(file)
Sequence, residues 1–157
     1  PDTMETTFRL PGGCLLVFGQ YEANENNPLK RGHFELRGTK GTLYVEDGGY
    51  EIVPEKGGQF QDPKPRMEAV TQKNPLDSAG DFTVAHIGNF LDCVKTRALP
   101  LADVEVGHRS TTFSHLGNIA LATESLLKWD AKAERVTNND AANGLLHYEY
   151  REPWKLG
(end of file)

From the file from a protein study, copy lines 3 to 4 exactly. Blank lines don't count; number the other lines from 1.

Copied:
    51  EIVPEKGGQF QDPKPRMEAV TQKNPLDSAG DFTVAHIGNF LDCVKTRALP
   101  LADVEVGHRS TTFSHLGNIA LATESLLKWD AKAERVTNND AANGLLHYEY